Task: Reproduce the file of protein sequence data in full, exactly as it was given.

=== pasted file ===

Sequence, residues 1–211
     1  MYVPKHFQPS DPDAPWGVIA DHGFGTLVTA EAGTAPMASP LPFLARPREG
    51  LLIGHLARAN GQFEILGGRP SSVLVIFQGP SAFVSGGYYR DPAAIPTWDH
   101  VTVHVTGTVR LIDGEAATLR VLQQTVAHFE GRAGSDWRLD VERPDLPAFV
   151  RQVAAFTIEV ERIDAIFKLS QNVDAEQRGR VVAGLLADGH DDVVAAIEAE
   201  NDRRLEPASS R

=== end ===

Sequence, residues 1–211
     1  MYVPKHFQPS DPDAPWGVIA DHGFGTLVTA EAGTAPMASP LPFLARPREG
    51  LLIGHLARAN GQFEILGGRP SSVLVIFQGP SAFVSGGYYR DPAAIPTWDH
   101  VTVHVTGTVR LIDGEAATLR VLQQTVAHFE GRAGSDWRLD VERPDLPAFV
   151  RQVAAFTIEV ERIDAIFKLS QNVDAEQRGR VVAGLLADGH DDVVAAIEAE
   201  NDRRLEPASS R